Vote Placed by Jakeross6 2 years ago
Jakeross6
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Reasons for voting decision: Pro adequately showed that Homosexuality is a naturally occurring thing in humans.
Vote Placed by TheOncomingStorm 2 years ago
TheOncomingStorm
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Reasons for voting decision: Con definitely had much better S&G. His sentences were, in general, more properly punctuated and easier to read. I felt like pro kind of bit off more than he could chew with this one. Even though the last round was disappointing at the least, I wasn't convinced that pro beat con to begin with (due to the logical fallacies and lack of support for certain claims), so I have to award arguments to con.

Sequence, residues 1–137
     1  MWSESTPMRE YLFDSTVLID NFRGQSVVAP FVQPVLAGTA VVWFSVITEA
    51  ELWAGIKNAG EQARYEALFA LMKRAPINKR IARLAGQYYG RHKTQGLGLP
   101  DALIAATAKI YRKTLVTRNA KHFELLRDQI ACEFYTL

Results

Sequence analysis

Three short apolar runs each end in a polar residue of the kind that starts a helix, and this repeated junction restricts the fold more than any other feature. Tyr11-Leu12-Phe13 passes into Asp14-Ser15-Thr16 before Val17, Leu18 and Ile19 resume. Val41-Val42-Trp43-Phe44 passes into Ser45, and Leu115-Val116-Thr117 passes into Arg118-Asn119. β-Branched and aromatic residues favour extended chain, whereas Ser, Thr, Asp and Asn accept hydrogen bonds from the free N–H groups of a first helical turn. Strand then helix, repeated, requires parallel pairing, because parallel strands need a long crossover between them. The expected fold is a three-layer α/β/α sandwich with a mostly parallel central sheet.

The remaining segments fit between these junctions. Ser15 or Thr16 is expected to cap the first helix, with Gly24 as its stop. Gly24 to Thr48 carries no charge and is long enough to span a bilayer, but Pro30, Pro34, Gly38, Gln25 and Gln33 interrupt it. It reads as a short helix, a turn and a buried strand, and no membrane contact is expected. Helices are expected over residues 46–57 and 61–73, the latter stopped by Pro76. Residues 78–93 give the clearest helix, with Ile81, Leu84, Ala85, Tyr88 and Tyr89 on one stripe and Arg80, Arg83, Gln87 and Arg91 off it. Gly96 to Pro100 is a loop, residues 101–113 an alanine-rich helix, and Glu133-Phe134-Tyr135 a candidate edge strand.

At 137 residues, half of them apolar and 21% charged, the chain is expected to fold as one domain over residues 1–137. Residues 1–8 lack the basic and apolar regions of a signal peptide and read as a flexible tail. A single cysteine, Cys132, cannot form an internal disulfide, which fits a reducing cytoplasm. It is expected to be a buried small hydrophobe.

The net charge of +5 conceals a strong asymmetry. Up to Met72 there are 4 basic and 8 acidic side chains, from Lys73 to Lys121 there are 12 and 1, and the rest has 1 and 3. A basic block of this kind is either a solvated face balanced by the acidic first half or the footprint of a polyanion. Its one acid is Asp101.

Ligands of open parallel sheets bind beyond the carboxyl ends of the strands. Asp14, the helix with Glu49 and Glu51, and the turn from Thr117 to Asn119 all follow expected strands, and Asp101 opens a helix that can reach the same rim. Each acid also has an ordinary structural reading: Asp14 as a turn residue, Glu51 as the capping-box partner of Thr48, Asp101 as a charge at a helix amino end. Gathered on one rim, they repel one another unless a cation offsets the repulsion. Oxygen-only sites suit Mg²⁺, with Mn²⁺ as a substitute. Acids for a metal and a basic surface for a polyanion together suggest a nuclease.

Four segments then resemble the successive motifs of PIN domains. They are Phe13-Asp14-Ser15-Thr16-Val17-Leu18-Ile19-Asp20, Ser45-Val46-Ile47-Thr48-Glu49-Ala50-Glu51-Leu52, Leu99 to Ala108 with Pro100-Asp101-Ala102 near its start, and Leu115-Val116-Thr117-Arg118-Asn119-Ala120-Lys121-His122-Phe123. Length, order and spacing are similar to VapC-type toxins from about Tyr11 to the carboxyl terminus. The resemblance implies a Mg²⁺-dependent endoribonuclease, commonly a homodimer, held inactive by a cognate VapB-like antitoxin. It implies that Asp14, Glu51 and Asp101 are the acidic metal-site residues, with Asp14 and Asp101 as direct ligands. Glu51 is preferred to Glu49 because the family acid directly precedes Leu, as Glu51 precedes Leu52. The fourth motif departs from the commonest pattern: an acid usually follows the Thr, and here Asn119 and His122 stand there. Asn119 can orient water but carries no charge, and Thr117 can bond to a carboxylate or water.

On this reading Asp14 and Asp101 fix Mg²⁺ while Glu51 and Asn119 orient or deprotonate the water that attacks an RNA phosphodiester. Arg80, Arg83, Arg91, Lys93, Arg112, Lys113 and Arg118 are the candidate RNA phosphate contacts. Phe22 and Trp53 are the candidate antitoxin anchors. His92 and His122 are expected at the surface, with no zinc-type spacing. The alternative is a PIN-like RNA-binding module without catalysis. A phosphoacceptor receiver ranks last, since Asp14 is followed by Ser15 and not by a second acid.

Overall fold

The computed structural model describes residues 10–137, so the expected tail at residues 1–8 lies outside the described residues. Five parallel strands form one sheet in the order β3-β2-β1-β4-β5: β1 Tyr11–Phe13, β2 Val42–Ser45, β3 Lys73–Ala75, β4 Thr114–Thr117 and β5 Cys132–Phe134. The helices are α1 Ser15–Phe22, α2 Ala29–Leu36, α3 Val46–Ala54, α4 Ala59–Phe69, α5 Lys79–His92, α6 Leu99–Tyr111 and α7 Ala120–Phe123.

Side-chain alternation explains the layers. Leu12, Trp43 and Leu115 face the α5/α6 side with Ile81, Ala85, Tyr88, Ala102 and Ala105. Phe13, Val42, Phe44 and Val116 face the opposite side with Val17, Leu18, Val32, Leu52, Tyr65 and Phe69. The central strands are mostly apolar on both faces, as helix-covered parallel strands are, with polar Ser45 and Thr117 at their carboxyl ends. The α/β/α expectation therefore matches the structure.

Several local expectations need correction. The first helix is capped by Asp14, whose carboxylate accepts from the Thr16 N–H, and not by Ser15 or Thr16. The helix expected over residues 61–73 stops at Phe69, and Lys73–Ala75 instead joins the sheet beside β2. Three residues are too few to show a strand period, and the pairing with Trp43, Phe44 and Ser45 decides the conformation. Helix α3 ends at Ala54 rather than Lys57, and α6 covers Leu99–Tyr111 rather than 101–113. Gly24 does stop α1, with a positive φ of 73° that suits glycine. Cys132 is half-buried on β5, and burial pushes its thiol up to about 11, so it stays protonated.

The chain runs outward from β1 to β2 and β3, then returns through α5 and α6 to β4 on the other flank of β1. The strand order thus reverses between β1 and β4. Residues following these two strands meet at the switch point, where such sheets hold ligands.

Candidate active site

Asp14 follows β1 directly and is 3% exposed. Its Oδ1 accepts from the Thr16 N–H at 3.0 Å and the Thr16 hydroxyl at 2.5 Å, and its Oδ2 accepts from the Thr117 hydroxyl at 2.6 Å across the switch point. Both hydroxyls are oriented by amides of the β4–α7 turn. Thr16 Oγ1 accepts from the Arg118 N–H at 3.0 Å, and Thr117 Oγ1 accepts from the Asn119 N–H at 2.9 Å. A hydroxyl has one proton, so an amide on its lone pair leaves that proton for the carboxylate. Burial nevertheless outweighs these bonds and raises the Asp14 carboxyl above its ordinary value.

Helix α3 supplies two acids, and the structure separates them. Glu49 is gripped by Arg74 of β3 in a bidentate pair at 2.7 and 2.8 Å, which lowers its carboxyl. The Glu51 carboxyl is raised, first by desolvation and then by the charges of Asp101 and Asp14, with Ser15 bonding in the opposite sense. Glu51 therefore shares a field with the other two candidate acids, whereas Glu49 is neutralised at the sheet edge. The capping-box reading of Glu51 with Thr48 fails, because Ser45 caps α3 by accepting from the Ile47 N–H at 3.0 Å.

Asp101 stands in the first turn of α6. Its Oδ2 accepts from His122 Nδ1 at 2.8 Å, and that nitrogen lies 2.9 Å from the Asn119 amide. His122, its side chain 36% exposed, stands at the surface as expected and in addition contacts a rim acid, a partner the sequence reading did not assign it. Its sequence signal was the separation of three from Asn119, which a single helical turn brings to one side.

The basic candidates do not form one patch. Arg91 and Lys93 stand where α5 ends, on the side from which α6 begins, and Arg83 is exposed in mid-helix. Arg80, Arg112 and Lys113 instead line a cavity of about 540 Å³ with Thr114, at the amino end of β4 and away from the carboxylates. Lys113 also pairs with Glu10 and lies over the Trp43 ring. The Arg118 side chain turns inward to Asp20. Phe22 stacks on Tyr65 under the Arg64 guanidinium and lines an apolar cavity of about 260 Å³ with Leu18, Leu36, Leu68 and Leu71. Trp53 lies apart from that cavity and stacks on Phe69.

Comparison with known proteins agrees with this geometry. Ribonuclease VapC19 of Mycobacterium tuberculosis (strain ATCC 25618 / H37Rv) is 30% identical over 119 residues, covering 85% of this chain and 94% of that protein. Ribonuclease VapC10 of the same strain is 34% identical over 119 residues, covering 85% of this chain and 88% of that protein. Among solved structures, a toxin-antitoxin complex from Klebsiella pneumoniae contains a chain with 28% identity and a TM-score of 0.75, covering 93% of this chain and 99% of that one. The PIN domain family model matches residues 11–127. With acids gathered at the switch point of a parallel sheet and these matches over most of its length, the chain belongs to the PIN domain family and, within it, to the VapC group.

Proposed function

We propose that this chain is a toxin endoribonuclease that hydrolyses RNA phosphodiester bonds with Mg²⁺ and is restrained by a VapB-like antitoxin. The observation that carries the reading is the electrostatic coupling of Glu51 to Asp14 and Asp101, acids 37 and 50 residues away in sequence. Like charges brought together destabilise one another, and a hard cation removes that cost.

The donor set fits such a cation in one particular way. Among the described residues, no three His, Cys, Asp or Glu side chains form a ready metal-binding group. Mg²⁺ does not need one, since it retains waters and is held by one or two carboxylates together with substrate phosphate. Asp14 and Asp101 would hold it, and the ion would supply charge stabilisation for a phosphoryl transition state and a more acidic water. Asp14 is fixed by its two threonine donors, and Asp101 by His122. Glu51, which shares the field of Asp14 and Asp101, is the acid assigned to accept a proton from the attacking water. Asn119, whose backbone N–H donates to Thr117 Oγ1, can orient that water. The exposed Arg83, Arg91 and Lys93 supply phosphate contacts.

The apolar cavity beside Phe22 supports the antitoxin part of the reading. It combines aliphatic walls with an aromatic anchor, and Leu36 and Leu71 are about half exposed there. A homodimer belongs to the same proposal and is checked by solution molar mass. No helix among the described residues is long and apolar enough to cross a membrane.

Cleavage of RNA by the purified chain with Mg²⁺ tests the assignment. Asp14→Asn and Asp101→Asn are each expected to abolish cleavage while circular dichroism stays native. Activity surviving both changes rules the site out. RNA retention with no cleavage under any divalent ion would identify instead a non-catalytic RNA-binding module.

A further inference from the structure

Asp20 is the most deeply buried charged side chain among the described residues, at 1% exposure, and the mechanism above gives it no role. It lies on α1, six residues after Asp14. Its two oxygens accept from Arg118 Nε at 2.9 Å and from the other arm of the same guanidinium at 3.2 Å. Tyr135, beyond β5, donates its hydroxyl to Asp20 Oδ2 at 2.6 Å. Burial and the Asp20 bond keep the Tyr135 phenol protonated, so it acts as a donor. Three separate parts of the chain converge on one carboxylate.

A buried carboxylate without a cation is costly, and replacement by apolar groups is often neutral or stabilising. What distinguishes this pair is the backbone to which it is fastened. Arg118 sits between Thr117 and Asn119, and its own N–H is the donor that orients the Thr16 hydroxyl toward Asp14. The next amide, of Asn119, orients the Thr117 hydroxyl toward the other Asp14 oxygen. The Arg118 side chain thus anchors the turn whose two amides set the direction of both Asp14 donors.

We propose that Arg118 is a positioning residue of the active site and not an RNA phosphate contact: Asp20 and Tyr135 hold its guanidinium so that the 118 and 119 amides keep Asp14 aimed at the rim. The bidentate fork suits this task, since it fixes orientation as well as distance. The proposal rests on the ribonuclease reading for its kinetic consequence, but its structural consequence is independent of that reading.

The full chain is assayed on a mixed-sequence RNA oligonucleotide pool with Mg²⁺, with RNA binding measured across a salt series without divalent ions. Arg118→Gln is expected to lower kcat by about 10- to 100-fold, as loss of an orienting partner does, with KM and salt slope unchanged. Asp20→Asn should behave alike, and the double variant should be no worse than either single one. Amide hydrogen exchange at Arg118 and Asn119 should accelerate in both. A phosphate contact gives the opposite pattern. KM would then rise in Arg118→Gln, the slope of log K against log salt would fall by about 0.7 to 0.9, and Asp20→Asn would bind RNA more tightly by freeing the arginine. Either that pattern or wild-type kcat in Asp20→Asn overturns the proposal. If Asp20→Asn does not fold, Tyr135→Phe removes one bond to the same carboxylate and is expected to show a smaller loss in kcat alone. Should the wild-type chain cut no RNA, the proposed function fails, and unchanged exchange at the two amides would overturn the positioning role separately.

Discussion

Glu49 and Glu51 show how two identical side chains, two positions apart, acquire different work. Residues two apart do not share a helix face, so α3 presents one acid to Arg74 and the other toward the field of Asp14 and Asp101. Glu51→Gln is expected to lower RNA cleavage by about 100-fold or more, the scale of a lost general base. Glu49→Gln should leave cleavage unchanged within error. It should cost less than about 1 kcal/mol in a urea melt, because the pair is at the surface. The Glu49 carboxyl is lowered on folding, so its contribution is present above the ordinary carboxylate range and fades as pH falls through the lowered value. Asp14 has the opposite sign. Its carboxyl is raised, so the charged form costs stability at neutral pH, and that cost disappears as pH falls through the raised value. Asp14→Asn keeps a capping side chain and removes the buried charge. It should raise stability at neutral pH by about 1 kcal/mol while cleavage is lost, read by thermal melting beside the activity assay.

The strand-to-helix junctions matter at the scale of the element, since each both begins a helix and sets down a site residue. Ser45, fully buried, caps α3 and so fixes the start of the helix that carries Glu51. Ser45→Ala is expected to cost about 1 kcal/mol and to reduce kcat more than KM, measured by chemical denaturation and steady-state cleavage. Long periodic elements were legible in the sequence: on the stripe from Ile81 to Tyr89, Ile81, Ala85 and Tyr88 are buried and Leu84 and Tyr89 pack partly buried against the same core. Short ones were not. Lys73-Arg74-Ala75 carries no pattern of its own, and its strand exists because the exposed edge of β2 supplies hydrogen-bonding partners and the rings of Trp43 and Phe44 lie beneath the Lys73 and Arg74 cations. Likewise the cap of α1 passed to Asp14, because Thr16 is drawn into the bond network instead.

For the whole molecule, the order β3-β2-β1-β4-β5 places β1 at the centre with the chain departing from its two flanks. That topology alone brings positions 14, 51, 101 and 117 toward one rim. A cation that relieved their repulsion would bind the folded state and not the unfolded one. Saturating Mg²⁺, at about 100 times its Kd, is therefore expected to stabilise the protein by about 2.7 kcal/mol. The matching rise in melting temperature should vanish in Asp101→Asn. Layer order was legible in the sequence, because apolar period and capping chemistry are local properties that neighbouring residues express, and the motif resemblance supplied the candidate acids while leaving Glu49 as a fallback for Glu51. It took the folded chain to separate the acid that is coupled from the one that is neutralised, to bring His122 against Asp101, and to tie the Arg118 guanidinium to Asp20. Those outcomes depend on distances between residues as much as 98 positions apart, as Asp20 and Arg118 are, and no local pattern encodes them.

Vote Placed by Hello83433 2 years ago
Hello83433
medv4380DefroTied
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Reasons for voting decision: Con had longer and more thorough arguments in response to Pros claims, which half were not supported. Spelling and grammar to Con because of formatting his arguments.